How Anime Inspired ONE Stars To Achieve Martial Arts Success
Anime played a pivotal role in the early lives of many ONE Championship athletes, and it planted the seeds for their success as adults.
Without these Japanese animations, the promotion’s modern-day warriors might not have witnessed the great feats of athleticism, perseverance, and inner strength that inspired them on their respective martial arts journeys.
Now, four of the organization’s finest mixed martial arts stars explain what anime means to them and how it helped to shape their futures.
One of Japan’s biggest mixed martial arts stars, Yushin “Thunder” Okami, frequently watched anime shows on television during his childhood. In fact, he still catches some of these anime programs when he gets spare time.
However, the welterweight athlete’s perspective has changed a little bit. “Thunder” once modeled himself on his anime heroes, but now, the tables have turned and they are modeled on him.
“I like anime. I used to watch it a lot as a kid. My favorites were Dragon Ball, Touch, and Doraemon,” he says.
“Now, I like Attack On Titan. The hero of the anime named ‘Eren’ turns into a Titan, and I heard that my body is the model of the shape of the Titan. I am so honored by it!”
Okami believes these type of shows offer endless benefits for a youngster’s imagination, and he feels that carries over well into the world of martial arts.
“Anime allows us to imagine freely,” he explains.
“I think mixed martial arts is also the type of art with no limits. Receiving the stimulation from its freewheeling thinking and storyline, I would like to continue trying to develop my one and only style of martial arts.”
Japanese-South Korean icon Yoshihiro “Sexy Yama” Akiyama has served as an inspiration for legions of aspiring martial artists, but some of his motivation came from his favorite anime series and their protagonists.
He was influenced by the likes of Master Roshi from Dragon Ball, Bem from Humanoid Monster Bem, and Kaibutsu Tarō from The Monster Kid, along with many others.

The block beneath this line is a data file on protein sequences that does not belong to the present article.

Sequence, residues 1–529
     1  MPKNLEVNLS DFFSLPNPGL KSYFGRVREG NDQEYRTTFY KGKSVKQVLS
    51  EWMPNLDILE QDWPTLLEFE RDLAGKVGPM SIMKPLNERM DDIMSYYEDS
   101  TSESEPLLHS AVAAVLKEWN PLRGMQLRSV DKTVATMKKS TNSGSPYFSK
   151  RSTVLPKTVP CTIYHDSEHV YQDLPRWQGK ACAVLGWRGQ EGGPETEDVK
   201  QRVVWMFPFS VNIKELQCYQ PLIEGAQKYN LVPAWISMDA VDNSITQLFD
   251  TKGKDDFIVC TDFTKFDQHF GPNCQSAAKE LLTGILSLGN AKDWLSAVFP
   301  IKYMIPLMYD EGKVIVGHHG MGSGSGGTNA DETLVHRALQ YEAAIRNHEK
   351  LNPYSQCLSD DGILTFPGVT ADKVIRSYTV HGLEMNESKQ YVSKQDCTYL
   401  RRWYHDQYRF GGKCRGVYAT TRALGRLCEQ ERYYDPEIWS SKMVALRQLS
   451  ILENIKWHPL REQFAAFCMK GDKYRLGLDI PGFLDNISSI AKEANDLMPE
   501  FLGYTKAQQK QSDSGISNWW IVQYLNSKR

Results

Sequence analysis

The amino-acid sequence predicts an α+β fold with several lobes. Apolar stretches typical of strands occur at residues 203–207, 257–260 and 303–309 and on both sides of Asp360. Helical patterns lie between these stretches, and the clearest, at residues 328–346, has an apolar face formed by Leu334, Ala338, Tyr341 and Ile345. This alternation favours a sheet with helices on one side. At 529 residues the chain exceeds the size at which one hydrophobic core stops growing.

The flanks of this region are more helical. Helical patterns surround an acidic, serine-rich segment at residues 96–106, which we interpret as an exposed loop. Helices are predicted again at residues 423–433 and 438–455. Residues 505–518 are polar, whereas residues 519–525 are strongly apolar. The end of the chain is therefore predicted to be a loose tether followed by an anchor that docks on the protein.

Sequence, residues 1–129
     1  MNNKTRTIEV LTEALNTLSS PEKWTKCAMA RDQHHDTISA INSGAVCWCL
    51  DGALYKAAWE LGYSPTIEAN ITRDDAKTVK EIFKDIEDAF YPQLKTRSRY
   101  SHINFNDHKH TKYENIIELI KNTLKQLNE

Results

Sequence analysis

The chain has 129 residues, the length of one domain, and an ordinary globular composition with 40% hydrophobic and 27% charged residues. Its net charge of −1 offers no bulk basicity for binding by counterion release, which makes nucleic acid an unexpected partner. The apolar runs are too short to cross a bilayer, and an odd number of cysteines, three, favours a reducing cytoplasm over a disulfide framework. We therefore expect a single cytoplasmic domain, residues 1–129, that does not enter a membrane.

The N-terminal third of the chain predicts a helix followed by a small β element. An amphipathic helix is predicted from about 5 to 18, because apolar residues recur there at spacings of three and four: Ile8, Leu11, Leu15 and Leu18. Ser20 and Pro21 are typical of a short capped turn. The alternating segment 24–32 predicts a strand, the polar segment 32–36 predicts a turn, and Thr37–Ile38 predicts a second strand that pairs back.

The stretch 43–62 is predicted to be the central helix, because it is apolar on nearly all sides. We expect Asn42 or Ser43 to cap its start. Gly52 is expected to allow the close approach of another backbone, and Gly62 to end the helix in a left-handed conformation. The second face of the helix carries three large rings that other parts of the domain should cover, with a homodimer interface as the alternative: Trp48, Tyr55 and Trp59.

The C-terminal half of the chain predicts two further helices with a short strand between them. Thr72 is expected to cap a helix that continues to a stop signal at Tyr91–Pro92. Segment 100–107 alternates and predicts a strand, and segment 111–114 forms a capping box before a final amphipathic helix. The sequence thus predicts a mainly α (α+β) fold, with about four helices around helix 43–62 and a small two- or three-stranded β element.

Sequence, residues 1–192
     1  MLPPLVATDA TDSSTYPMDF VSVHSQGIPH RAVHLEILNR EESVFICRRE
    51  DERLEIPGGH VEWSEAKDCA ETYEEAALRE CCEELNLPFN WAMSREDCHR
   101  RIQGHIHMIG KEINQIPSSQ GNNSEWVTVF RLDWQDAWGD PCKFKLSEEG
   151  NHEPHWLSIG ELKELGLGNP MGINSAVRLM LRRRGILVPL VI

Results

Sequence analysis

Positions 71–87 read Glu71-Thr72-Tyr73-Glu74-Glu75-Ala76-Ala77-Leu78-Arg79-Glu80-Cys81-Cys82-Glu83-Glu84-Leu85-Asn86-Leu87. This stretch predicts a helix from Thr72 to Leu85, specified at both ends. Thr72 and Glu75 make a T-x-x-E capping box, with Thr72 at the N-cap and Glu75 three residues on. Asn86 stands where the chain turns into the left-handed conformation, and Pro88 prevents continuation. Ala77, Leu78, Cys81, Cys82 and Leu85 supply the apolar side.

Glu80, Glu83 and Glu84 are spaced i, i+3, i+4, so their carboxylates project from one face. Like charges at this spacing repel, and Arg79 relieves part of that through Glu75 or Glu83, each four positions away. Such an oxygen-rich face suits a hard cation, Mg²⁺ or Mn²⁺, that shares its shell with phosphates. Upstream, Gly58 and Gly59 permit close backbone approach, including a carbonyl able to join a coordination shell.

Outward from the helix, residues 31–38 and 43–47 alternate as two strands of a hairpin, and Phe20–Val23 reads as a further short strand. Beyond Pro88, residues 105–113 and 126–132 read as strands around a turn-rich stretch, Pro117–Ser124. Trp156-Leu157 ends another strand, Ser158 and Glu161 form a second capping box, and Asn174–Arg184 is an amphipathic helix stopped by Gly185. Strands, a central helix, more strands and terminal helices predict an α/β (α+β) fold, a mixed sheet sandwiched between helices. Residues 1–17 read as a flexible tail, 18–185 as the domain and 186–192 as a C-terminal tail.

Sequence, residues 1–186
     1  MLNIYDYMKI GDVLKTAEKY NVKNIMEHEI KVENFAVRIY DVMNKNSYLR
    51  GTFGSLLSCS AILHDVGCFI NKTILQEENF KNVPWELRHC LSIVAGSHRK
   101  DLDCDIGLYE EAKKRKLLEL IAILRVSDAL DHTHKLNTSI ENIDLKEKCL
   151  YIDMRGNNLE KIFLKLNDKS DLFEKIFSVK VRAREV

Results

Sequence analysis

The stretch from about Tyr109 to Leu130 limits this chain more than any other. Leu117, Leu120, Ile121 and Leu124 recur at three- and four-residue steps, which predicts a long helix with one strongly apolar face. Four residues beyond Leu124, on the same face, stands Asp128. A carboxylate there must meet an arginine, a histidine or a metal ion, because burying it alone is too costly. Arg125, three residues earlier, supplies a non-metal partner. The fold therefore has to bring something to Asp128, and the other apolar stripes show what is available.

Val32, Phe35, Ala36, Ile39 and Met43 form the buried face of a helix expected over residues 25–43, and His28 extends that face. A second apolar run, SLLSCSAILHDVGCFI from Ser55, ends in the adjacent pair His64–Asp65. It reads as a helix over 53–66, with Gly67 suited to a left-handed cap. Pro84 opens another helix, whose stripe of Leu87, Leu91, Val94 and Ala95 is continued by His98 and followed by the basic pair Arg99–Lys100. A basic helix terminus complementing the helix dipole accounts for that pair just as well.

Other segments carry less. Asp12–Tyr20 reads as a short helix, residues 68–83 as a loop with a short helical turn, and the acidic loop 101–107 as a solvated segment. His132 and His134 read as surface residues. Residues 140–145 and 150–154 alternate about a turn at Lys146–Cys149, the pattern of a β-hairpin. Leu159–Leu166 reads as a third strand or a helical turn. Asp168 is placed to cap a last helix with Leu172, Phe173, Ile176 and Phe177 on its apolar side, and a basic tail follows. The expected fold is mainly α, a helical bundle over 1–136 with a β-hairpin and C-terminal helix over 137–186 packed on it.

“I love anime. I was brought up watching it a lot,” he reveals.
Akiyama was also an avid gamer, and in today’s Esports climate, he believes there is room to blend the fantasy worlds of gaming and anime with the reality of martial arts.
“In video games, sometimes the moves are similar to martial arts, and we can learn from it and do [visualization] training. Likewise, anime is good material, and I think we can do [visualization] training, too,” he offers.
“Therefore, I think it is indispensable content for martial artists. It would be nice if we could create a new sport blending martial arts in the real world and Esports, without treating them separately.”
Malaysian featherweight Keanu Subba was a massive fan of Slam Dunk, an anime show that focused on Hanamichi Sakuragi and his Shōhoku High School basketball team.
Sakuragi was initially a delinquent, but through his commitment to sports and his unfaltering determination, he turned his life around.
“I see a lot of myself in this character. He was always the odd one out who didn’t talk much and got into a lot of trouble in school,” Subba explains.
“He was a guy with a lot of energy and basketball helped tone him down. He started out as a terrible basketball player, but with constant practice, he was able to turn into a great team player.
“It just goes to show that if you want it bad enough and really put in the time, you can be great at anything.”
Hard-hitting flyweight Yuya “Little Piranha” Wakamatsu also loved to immerse himself in the fantasy world of anime and manga. Some of his favorites were Dragon Ball, Kingdom, Vagabond, Yu Yu Hakusho, and Baki The Grappler.
Much like his own career inside the Circle, “Little Piranha” believes the heroes are raised to new levels by the strength of their opposition.
“I like them because of the appearance of strong enemies,” he says.
But his love for anime and manga runs deeper than most people would imagine. In fact, Wakamatsu enjoyed the protagonist of Vagabond so much, he named his baby boy after him.
“I have been inspired a lot by anime and manga, including deciding my son’s name, Musashi,” he reveals.